With every paycheck, your employer withholds some of your earnings for taxes. If too much is withheld, it’s true that you will receive a refund, but when you really think about it, by waiting until tax season to claim that money back, you’ve essentially provided the IRS with an interest-free loan during the year. On the other hand, if you owe taxes when you file your return, you may have to scramble to pay what’s due, and you could also owe interest and penalties to the IRS if you don’t have enough withheld throughout the year.
The IRS has a “pay as you earn” policy, meaning that as you earn money throughout the year, the IRS expects that you’ll send them what you believe to be your best estimate of what the taxes are on that income. Your employer helps with this calculation and sends it on your behalf, but they use information you provide them to best estimate for you.
The ideal way to handle your tax withholding is to have just enough taxes withheld to prevent you from incurring penalties when your tax return is due, but still owe just a little bit rather than receive a refund. Yes, you’ll have to make sure you have a little set aside to make that payment in April each year, but in the meantime, you get to enjoy all of the money you earn throughout the year rather than waiting for the IRS to return it to you upon filing your return.
When you have a W-2 based job, the best way to find that perfect balance of withholdings is to properly complete Form W-4 (and its accompanying worksheets) when you begin a job, and providing an updated Form W-4 to your employer when your circumstances change.
Using Form W-4 to choose the proper withholding amount
Two factors determine how much income tax your employer withholds from your regular pay: how much you earn and the information you provide on Form W-4. This form asks you for three pieces of information:
- Do you have a working spouse or other income besides this job? (Answering yes will require additional worksheets to make sure you’re having enough withheld)
- How many qualifying children under age 17 and other dependents do you have?
- Do you have other income such as from dividends, interest, alimony or other non-job sources? This is optional, but answering correctly here will help your employer withhold enough to cover any additional taxation due to that income, should it push you into a higher tax bracket.
- Do you itemize your deductions and if so, what is the estimated total of those deductions? You would only complete this IF you itemize, otherwise the form assumes you take the standard deduction (90% of taxpayers currently use the standard deduction)
- Is there an additional amount you want withheld from your paycheck? This is optional. You might choose it if, for instance, you earn freelance or other income and would like to increase your withholding to cover that income (although you should also consider paying quarterly estimated taxes in this case).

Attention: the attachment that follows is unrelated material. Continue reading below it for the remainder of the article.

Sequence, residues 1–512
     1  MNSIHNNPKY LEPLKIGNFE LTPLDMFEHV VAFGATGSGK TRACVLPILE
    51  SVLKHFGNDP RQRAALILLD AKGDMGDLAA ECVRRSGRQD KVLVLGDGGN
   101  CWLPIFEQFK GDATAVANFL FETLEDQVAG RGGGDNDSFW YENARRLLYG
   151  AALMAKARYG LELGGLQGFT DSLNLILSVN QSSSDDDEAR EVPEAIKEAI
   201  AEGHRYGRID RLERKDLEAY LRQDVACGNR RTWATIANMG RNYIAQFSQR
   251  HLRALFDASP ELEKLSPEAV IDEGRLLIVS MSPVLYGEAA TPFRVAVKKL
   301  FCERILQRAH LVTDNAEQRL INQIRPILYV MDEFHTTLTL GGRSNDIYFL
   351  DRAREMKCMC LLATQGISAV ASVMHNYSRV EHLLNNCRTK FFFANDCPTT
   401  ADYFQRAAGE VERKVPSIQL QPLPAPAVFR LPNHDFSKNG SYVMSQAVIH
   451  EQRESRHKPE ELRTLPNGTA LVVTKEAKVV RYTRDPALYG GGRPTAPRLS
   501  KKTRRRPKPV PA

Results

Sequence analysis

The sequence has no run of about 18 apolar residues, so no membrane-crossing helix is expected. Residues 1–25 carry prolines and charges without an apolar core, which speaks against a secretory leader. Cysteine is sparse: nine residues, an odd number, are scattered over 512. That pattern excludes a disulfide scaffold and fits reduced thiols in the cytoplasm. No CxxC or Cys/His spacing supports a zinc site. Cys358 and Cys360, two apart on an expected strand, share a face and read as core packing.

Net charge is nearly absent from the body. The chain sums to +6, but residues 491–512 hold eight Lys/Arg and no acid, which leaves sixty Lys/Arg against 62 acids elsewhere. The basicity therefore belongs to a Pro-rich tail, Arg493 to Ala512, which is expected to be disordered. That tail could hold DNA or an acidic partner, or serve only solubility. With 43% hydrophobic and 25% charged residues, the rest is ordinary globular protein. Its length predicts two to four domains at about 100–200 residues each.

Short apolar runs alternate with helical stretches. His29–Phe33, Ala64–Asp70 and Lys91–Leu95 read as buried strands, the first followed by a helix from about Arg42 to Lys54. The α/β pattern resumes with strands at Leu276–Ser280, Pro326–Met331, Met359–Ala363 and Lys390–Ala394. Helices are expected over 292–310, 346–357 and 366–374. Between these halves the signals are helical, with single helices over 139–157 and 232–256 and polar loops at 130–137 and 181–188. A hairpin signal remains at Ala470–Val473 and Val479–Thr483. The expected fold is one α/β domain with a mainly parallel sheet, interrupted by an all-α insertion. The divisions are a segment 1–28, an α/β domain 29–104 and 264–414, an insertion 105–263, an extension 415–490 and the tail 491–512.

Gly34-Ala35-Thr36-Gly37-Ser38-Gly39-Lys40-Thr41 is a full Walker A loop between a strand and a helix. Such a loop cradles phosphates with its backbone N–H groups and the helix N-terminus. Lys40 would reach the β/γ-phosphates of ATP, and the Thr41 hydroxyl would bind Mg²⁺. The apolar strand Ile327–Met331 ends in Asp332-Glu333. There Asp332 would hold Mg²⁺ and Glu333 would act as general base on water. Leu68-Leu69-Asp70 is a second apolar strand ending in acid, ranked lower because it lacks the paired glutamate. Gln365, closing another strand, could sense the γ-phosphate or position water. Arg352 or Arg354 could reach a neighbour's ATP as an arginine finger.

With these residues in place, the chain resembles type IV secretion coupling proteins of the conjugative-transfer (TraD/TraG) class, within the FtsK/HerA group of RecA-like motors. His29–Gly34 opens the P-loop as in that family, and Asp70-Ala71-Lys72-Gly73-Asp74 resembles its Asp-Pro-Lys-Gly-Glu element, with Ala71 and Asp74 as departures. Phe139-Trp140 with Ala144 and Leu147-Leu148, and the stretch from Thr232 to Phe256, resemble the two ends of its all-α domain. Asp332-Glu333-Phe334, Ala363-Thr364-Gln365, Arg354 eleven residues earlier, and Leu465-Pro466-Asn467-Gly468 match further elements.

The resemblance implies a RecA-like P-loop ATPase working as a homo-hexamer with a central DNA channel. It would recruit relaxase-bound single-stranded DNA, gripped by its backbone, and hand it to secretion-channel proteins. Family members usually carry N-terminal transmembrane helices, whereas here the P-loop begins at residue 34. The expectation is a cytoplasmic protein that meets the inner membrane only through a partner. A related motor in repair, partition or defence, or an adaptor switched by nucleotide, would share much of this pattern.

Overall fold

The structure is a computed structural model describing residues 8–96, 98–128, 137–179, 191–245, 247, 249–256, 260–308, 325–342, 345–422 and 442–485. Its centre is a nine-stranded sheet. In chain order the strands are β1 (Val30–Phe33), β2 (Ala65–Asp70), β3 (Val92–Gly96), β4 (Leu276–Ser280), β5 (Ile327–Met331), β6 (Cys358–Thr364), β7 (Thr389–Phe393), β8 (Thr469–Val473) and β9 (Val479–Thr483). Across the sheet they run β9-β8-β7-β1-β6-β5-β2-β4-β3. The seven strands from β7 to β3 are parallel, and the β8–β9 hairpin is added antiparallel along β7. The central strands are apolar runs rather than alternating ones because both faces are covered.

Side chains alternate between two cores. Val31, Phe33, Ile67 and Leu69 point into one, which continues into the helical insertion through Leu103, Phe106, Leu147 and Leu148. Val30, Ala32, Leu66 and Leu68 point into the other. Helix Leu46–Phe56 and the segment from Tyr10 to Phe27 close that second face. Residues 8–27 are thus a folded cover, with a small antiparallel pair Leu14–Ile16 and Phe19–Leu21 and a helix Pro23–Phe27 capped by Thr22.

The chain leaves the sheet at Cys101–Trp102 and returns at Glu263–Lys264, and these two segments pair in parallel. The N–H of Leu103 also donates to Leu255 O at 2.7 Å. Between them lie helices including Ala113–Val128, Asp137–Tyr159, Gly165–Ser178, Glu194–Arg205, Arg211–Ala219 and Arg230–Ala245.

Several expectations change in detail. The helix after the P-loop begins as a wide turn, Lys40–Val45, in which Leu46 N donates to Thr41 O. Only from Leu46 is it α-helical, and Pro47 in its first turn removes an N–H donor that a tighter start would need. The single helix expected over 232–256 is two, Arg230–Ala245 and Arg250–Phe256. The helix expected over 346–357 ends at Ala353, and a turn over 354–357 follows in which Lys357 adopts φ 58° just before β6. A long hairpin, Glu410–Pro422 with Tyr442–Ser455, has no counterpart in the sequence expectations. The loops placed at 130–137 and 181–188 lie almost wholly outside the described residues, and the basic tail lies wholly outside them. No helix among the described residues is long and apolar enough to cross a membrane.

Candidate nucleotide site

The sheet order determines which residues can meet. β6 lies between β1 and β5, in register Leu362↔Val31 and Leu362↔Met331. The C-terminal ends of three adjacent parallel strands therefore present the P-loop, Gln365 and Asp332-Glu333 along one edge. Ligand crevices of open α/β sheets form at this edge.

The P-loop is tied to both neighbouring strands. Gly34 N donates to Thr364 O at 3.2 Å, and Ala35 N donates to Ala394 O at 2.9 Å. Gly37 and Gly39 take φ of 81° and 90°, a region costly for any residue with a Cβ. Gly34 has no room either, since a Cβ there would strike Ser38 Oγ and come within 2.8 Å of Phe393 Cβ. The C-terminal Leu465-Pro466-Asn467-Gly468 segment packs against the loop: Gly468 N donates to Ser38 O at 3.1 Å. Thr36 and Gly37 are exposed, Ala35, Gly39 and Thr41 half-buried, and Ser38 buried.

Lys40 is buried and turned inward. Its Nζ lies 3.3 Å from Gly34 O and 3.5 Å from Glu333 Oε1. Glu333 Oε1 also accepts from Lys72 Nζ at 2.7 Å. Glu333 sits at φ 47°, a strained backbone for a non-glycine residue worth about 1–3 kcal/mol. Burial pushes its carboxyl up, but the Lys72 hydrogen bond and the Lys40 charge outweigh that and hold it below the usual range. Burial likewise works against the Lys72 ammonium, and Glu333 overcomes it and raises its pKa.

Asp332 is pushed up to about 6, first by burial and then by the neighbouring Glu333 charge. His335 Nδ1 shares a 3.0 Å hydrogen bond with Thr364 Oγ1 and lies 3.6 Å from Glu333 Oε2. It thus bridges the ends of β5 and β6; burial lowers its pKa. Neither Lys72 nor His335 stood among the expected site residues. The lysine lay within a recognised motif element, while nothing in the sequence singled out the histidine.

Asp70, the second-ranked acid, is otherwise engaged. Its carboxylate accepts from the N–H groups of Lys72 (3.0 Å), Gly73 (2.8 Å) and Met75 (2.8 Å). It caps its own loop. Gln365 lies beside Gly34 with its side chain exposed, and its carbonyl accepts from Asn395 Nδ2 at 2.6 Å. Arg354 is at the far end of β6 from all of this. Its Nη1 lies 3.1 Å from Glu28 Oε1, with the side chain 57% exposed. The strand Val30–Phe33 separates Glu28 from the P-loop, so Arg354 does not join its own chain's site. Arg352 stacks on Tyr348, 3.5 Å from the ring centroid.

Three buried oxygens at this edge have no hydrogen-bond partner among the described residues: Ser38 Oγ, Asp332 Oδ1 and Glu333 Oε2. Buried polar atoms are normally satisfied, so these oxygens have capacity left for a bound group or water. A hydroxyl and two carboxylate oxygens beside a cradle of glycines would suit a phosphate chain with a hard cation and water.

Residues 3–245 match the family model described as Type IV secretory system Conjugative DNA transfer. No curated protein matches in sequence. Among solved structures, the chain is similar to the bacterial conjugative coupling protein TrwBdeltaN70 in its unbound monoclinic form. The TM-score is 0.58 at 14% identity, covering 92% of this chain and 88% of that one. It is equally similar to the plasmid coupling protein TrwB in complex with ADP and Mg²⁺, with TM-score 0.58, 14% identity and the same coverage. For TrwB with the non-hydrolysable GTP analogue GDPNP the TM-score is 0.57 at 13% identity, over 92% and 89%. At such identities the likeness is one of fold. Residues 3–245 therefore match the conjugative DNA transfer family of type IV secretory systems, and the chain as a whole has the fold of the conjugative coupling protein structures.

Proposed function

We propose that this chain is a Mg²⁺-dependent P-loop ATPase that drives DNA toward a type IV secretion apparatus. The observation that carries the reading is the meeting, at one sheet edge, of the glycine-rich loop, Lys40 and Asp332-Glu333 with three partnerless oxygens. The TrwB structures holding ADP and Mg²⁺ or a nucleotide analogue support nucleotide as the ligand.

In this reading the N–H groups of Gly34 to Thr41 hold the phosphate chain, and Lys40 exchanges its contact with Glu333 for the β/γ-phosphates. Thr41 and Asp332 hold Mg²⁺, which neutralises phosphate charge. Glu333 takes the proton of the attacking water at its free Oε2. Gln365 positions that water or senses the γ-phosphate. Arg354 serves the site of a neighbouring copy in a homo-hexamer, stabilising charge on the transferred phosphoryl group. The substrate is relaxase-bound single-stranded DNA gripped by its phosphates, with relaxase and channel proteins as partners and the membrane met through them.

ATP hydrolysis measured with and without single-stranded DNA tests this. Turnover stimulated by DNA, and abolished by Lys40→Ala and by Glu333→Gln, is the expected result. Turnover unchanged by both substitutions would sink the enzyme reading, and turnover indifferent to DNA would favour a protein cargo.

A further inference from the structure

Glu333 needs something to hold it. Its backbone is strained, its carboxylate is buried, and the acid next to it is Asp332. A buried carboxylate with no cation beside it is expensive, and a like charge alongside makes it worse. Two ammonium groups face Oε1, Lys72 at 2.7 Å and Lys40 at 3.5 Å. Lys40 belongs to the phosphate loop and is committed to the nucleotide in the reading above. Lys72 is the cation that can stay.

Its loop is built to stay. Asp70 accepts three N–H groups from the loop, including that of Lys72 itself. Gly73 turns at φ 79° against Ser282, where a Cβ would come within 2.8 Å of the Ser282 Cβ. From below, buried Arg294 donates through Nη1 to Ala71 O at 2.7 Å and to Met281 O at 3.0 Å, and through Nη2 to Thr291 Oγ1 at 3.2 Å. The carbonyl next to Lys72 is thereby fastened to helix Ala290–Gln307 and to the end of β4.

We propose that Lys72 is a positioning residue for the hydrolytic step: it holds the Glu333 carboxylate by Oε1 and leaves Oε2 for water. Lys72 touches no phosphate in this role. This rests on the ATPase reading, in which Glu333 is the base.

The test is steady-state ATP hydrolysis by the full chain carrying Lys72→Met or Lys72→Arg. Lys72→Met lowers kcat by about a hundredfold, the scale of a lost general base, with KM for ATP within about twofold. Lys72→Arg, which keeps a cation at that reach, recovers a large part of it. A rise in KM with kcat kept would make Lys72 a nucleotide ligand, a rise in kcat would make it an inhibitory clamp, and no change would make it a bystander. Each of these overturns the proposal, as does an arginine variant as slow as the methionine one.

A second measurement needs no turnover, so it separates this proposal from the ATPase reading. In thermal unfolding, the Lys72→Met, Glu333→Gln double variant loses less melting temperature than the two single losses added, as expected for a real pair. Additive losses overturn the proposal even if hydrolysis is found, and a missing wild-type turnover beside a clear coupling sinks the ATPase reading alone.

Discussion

When you need to update your W-4
To avoid surprises at tax time, it's a good idea to periodically check your withholding. Otherwise, there are some key life changes that definitely warrant an update. Those include:
- When you're married and either of you starts or stops working
- When you or your spouse are working more than one job
- When you have significant nonwage income, such as interest, dividends, unemployment compensation, or self-employment income, or the amount of your nonwage income changes
- When you'll owe other taxes on your return, such as self-employment tax or household employment tax
- When you have a life change (such as a marriage, divorce, birth or adoption of a child, new home, retirement) that affects the tax deductions or credits you may claim
- When any qualified dependent turns age 17, as the deduction for dependents decreases
- When there are tax law changes that affect the individual tax rules
If you find that you need to make changes to your withholding, you can do so at any time simply by submitting a new Form W-4 to your employer. To check on your withholding amount and to see whether you need to make changes to your W-4, the IRS has a comprehensive Withholding Calculator on their website. You'll need your most recent paystub as well as last year's tax return. You won't need to enter any personally identifiable information that ties the numbers you enter to you, but the more accurate the numbers you use, the more effective the calculator will be. Check it out here.
If the form looks different than you remember, it probably is
Due to the tax changes that were implemented in 2017, the IRS issued an updated Form W-4 that helps you account for the changes in an easier way. For example, your tax withholding is no longer calculated based on the number of allowances, but instead on the factors listed above. If it’s been a while since you’ve updated your form and you haven’t switched jobs, it’s not a bad idea to take a look and see if you need to submit a new form to your payroll department. It can help ensure you’re having the ideal amount withheld, so you can avoid big tax surprises in the future. This article, 'What You Need to Know About the New W-4 Form' has more information on the new form.